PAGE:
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Week 4 notes

by: Taylor Curtis

Week 4 notes History 104

Taylor Curtis
GPA 3.3

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Notes from week four!
American Civilization Since 1865
Kari Frederickson
Class Notes
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This 8 page Class Notes was uploaded by Taylor Curtis on Thursday February 11, 2016. The Class Notes belongs to History 104 at University of Alabama - Tuscaloosa taught by Kari Frederickson in Spring 2016. Since its upload, it has received 20 views. For similar materials see American Civilization Since 1865 in History at University of Alabama - Tuscaloosa.


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Date Created: 02/11/16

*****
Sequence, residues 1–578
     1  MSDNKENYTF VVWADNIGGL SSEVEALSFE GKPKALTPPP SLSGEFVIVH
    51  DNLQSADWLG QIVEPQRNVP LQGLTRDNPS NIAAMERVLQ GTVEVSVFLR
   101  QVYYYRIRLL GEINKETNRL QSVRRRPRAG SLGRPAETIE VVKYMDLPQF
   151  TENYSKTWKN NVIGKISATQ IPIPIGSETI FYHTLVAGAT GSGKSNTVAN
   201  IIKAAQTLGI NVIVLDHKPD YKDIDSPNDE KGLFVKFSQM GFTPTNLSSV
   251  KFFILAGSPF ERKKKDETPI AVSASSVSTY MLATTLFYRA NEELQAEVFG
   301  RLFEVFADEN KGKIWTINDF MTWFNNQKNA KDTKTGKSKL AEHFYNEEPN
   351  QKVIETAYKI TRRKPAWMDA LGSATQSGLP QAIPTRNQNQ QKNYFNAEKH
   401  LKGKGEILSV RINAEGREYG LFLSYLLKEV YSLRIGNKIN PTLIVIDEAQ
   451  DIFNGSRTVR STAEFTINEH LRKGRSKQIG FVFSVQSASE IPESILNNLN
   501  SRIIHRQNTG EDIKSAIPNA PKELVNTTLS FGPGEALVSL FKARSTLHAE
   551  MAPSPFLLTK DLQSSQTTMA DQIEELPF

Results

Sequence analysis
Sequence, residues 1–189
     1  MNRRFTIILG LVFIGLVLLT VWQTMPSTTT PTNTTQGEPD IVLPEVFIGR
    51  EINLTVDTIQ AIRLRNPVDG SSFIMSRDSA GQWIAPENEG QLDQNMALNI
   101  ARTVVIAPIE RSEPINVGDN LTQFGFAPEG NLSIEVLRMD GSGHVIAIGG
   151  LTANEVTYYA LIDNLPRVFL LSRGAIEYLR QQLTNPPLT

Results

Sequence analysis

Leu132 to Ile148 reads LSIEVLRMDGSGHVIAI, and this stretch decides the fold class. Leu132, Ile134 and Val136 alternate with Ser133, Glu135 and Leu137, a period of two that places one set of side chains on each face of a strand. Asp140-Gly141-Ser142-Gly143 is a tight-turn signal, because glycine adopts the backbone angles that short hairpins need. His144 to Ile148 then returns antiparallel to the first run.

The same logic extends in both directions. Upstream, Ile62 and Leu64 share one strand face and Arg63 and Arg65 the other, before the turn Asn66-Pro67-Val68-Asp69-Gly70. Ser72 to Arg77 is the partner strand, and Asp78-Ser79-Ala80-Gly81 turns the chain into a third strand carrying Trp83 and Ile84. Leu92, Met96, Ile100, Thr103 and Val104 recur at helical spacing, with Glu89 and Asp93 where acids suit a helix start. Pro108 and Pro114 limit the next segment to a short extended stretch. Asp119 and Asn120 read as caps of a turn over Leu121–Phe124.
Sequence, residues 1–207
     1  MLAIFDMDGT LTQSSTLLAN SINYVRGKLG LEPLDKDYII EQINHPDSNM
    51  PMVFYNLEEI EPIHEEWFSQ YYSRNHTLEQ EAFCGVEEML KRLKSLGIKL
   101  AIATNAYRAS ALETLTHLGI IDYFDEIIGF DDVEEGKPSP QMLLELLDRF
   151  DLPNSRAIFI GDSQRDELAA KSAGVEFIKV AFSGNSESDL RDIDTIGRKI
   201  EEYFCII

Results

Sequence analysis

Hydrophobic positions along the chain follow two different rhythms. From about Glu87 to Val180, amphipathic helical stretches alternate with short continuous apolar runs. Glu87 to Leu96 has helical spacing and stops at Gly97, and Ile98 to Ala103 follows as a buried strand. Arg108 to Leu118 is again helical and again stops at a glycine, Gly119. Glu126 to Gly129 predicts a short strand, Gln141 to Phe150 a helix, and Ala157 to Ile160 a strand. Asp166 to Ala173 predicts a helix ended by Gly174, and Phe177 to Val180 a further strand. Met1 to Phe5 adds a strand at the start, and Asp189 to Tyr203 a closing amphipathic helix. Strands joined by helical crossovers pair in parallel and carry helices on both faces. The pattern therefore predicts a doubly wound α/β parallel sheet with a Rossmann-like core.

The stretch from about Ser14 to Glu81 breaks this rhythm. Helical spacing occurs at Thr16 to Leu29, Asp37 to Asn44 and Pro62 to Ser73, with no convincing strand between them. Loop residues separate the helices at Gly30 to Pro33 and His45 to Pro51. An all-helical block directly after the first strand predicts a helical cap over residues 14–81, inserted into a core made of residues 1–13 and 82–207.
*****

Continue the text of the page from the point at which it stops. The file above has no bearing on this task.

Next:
1/27/16 *TA Mark Johnson Creating a Modern Industrial Society  Changed from being an agricultural society into an industrial society o About 50 years to transition From 1860-1915 o 1860s o Before the industrial takeover you would not travel far out of your town, you would marry a boy you’ve known your whole life, you lived near/with your families as you got older  Everything was local o 1915 o Cotton is no longer that important machinery is now how we gain wealth o Half the people that work for wages work in factories o Your power is slowly leaving you o More good being produced by machine cheaper o Gaining more access to goods o Bringing people together by being able to live our lives in similar ways o Changes in Economy o Importance of steel  Makes everything else possible  Allows us to become a coast to coast country  Allows us to build factories to create all over goods  Bessemer process process of making steel. Made it possible to create 3-5 tons of steel in about 15 minutes o Railroads  Had steel rails  Allowed us to transport people all over their country  Also added jobs  Created time zones in order to allow people to know exactly when the trains would come helped their business  They changed and control time Government, government intensions o Where is the government is spending money and putting their energy into industrialization? o How did railroads get help from government? o Government gives a certain plot of land and saying you should lay your tracks here, if people help to fund the railroad o After the rails have been set the companies have a bunch of land left and then sell that and make money for themselves The American West o Railroads help bring people to the west o Farmers, miners, ect. o Miners o Many people who traveled west tried to mine, many failed o A lot of run by corporations because they had the money to provide material to mine with o Role of Federal Government in the West o Homestead Act  Family living in a section of the country that doesn’t have a lot of land can be set up with a plot of land out in the west if they agree to farm and live there for five years  Gave people the ability to have their own land and move west o Removing Indians people who already lived there New Way of doing business o no changes would have occurred if business had stayed as small as they were in the 1860s not enough people o had to adapt to the new ways of travel and power o many created corporations business model of late 19 century o railroads first example o board of directors o stock holders/investors o protective tariffs o want to protect things we make here o but taxes on things being imported from other countries  if they want to sell in America they will be taxed making American goods more affordable o want to promote American business o creating monopolies to dominate the workplace start working together more o hurts the American consumers o Interstate Commerce Commission o Would give rates to big shippers more tax than small o Sherman Antitrust Act o Denied the ability to pull together and scam consumers Who worked in the new factories? o New urban industrial workers o Farmers o Became more efficient which means that there is not as much need for people working on the farm o Immigrants o Really powered the new factories, along with some farmers who moved to the city o Feared they would be violent o 1850-1860  5,000,000 immigrants come in that period most from England and Ireland, protestant and catholic o moving into the 1870-1860 many are coming from Germany and Scandinavian moving to the mid west  10,000,00  farmers and small business owners o 1890-1914 biggest wave  15,000,000  coming from Greece, Poland, Russia, Jewish, Italy  many of their home lands are in crisis  new immigrants not welcomes with open arms 2/1/16  Immigrants o Many people believed they would bring the bad political structure and ideas to America, when really most of them were just trying to escape o Tended to stay in big cities, east coast, or mid-west o Worked in factories with unskilled jobs o Tended to stay within their own neighborhoods to feel safe and comfortable  People spoke their language, practiced their religion, ect.  “China town”, “little Italy”, “ethnic ghettos” Chicago  grows because of the railroad  meat packing town drew in a lot of immigrants  over half the people that worked for wages worked for large employers  everyone who lived around a certain factory, worked in the factor o south east Chicago steel mill o packing town meat packing district  stayed within own groups, confined themselves, to their own ethnic and religious groups o many of the people within the workplace could not talk to each other to it stayed very much divided Working/Living conditions  poor, messy, crowded  land lords were trying to take as much money as possible o many people take boarders o had no privacy or personal space  health conditions were poor family life o one immigrant neighborhood in Chicago had a 25% mortality rate o no indoor plumbing, no sewage o southern life expectance was very low  white men, white women, black women, black men o a lot of stress because of the cramped living situation o never enough to eat, never good work o domestic violence was common o heavy drinking was common especially for immigrants o everyone went to work  city life o able to do much more  theatre, marriage opportunities, culture, jobs o more goods available to you if you can afford them Factory life  long hours many worked between 12-14 hours a day 6 days a week, no breaks, no minimum wage, no overtime(doesn’t exist yet)  worked long, hard, and fast new, better, faster machines o adopting time saving techniques to make more in a short amount of time o jobs become simpler and simpler once machines are added to the picture o people aren’t needed to have as much skill for the work process  making wages go down  makes worker less valuable  jobs were very dangerous o buildings made of wood, machines spark a lot of fire o no one cares if you get your finger cut off, if you don’t get paid they don’t get paid  working for wages makes country nervous o independent farmer used to be the perfect American independent business owner, controlled economic lively hood  dream is becoming less possible, especially immigrants o growing working class isn’t ever going to be independent, creates anxiety for upper middle class citizens fearful of working class 2/8 Industrialization in the South - How is the south different from the north? Cotton is the major product in the south, 1.Railroads Consequences a. Urbanization b. Access to consumer goods c. Segregation (people segregate themselves before trains, trains make it much more difficult to bring whites and blacks together; this is why segregations laws begin) 2. Characteristics of southern industrialization a. Taking things out of the ground like trees, cotton, and coal b. Low skilled and low paid jobs (most dangerous is coal mining) c. Land is cheap (buy and move on) 3. Southern industries and workers a. Source of labor -Southern farmers and cotton is not doing well -Southern states are in debt after war -Come up with idea to lease men in prison to work (they live in bad conditions and most work in coal mines, most are young men who don’t live after they are around 45) b. Coal mining defining characteristics c. Textiles (begins to move south in the 1880s-1890s) tried to get families to work there so they can pay them a family wage -Racial and gender composition -Coal mining camps (were segregated) -Danger - Racial, gender, age composition --All white workers, women and children (as young as 8-9), - Company town - Paternalism Crisis of the 1890s: Workers and Farmers Fight Back 1. Working-class protests options a. Go on strike  not going to work to force the hand of employers want more money, less hours, safer conditions  often violent, frequently unsuccessful, demands were usually not met because workers had no resources like the owners did, could not live without the wages o many relied on churches, community, and family. Money is stretched very thin  1881-1905, 37,000 strikes b. Quit c. Politics d. trying to get the politicians to side with them and branch away from the captains of industry and do something for the working class  who is the government responding to? 2. Contributing factors to success or failure a. What does the rest of the country think; do they support them or are they against them and will fight with them b. How are the worker organized, are they all on the same team, do they all have a common problem or do they see themselves on their own team (Whites, Italians, Jews not united) 3. Great Strike Wave, 1870s-1890s 4. Getting organized forming unions  organized to protect their skill, but unions are useless to the majority of people because skill was not as important at this time many unskilled immigrants or women were working for less  Knights of Labor o Founded in 1869 o White males, highly skilled o Would organize anyone, anyone in an industry could join, skilled/unskilled, women, African Americans, immigrants, everyone in the same factory belonged to the same union o Broad membership o 8 hour day was a huge point  1886, may 1  half million workers walk off the job in cities all across the nation o wanted workers to be politically active o have a lot of success in the south  Haymarket riot o From the 8 hour day debate o May 1, 1886 o Killed four strikers o Called a meeting of protesters, then someone threw a bomb at the police officers killing 7 officers, then the police fire and kill more strikers o Fear conspiracy o Ends Knights of Labor after four people were executed for the bomb going off  American Federation of Labor AFL o What labor unions were like pre Knight of Labor o Wanted skilled workers, no immigrants, no women, and no politics 2/10 5. Problems facing farmers in the South and Midwest: Debt and railroads  It was at first the “American Dream”, but this lifestyle soon began to be unbearable, not desirable  Cotton big money maker for farmers o Cotton started to decline because Brittan did not need American cotton anymore they were getting it from their own colonies o Growing more cotton and growing less food, more dependent on the money they got from cotton o No more independent farmer, dependent on loans  Technology introduced on Midwestern farmers before southern farms, cotton farmers in the south did see tractors until the 1960s o Wheat farmers, for example, were doing much better being of the efficacy and technology  Feel they are being screwed by the railroad because they have to make so much more than the millionaires because they do not use as much of the railroad they do 6. Southerner Farmers Alliance (1879): Economic and social functions, role of women, farmers and race  Grows to 5 million members nationwide  Membership was fairly broad, all rural people, could not join if you were a merchant, lawyer, or banker  Heavy membership where cotton was grown  Created cooperatives o Started selling things, cotton, in bulk. Decided to work together to gain resources together and not have to go to the banks o Was very hard because farmers by nature are independent people  Farmers are beginning to feel left behind by modern life  white organization, but soon realize that black farmers have the same problem color farmer alliance o color farmer alliance and Southern Farmers Alliance start to talk and realize they have common problems 7. Becoming National 1889: Demand a more responsive government  want to get rid of all national banks  believe federal government should assist in getting better prices for their crops warehouses  want to change way of political system o get rid of property tax and make income tax o want to elect their senators  state legislator chose the senators o have ideas ahead of their time o want to change how money circulates 8. Becoming political: The people party, 1891  run a presidential candidate in 1892  populace party  win a 1,000,000 votes  do really well at the state and local level, white farmers that typically vote dem and black who vote rep start to talk and find a person they can agree on o very threatening to the south o do well in Kansas and NC 9. Presidential Election of 1896  William McKinley republican  William Jennings Bryan democrat o Then presents himself to be a populace  Country is in a bad state at this time, everyone is looking for solutions  Democratic party sort of starts to like the populace party and take one of their stronger issues and promote it  Ended up nominating Bryan for the populace party candidate as well  McKinley wins every large city and the north, Bryan wins the south and the west o We are not an urban nation